--cluster=eks-litmus-demo \
    --namespace=kube-system \
    --name=cluster-autoscaler \
    --attach-policy-arn="arn:aws:iam::$ACCOUNT_ID:policy/AmazonEKSClusterAutoscalerPolicy" \
    --override-existing-serviceaccounts \

Make sure your service account with the ARN of the IAM role is annotated.

kubectl describe sa cluster-autoscaler -n kube-system

Deploy the Cluster Autoscaler

Download the Cluster Autoscaler manifest.

curl -o cluster-autoscaler-autodiscover.yaml

Edit the downloaded file to replace <YOUR CLUSTER NAME> with the cluster name (eks-litmus-demo) and add the following two lines.

- --balance-similar-node-groups
- --skip-nodes-with-system-pods=false

The edited section should look like the following:

  - ./cluster-autoscaler
  - --v=4
  - --stderrthreshold=info
  - --cloud-provider=aws
  - --skip-nodes-with-local-storage=false
  - --expander=least-waste
  - --balance-similar-node-groups
  - --skip-nodes-with-system-pods=false

Apply the manifest file to the cluster.

kubectl apply -f cluster-autoscaler-autodiscover.yaml

Patch the deployment to add the annotation to the Cluster Autoscaler pods with the following command.

kubectl patch deployment cluster-autoscaler \
-n kube-system \
-p '{"spec":{"template":{"metadata":{"annotations":{"": "false"}}}}}'

Find the latest Cluster Autoscaler version that matches the Kubernetes major and minor versions of your cluster. For example, if the Kubernetes version of your cluster is 1.21, find the latest Cluster Autoscaler release that begins with 1.21. Record the semantic version number (1.21.n) for that release to use in the next step.

export K8S_VERSION=$(kubectl version --short | grep 'Server Version:' | sed 's/[^0-9.]*\([0-9.]*\).*/\1/' | cut -d. -f1,2)
export AUTOSCALER_VERSION=$(curl -s "" | grep '"tag_name":' | grep -m1 ${K8S_VERSION} | sed 's/[^0-9.]*\([0-9.]*\).*/\1/')

Set the Cluster Autoscaler image tag to the version that was exported in the previous step with the following command.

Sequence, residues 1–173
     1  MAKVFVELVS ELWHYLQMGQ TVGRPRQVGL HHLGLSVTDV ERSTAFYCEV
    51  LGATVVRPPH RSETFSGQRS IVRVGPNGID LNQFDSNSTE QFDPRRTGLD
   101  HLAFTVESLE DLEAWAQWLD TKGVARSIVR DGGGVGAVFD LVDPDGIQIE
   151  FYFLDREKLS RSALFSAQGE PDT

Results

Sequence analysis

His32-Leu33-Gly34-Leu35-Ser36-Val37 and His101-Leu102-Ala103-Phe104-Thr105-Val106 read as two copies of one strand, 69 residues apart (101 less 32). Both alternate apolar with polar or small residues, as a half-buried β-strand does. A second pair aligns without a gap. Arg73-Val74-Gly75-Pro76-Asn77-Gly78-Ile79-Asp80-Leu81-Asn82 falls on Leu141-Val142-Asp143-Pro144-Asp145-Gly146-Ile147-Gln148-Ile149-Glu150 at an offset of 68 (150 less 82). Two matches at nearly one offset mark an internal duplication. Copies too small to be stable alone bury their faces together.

kubectl set image deployment cluster-autoscaler \
-n kube-system \${AUTOSCALER_VERSION}

After you have deployed the Cluster Autoscaler, you can view the logs and verify that it’s monitoring your cluster load.

View your Cluster Autoscaler logs with the following command.

kubectl -n kube-system logs -f deployment.apps/cluster-autoscaler

Now that we have deployed the Cluster Autoscaler, let’s rerun the same experiment by navigating to Litmus Workflows, then the Schedules tab. Select the three dots menu icon for the workflow and select Rerun Schedule.

This time, the Cluster Autoscaler will add additional nodes to the cluster, and the experiment will pass, which proves our hypothesis.

Experiment Conclusion

Autoscaling the pod triggered the ClusterAautoscaler as a result of insufficient capacity, and a new node was added to the cluster, and the pods were successfully provisioned.

Next steps

From the above walkthrough, we saw how to get started with Chaos Engineering using LitmusChaos on Amazon EKS cluster. There are additional experiments such as pod-deletenode-drainnode-cpu-hog, and so on that you can integrate with a CI/CD pipeline to perform Chaos Engineering. LitmusChaos also supports gitops and advanced chaos workflows using Chaos Workflows.


Praveen Nerellapalli

Praveen Nerellapalli

Praveen Nerellapalli is a Senior Solutions Architect at Amazon Web Services (AWS). Praveen's areas of interest include containers, serverless technologies and DevSecOps. He is based out of Charlotte, North Carolina and occasionally tweets from @pnerellapalli.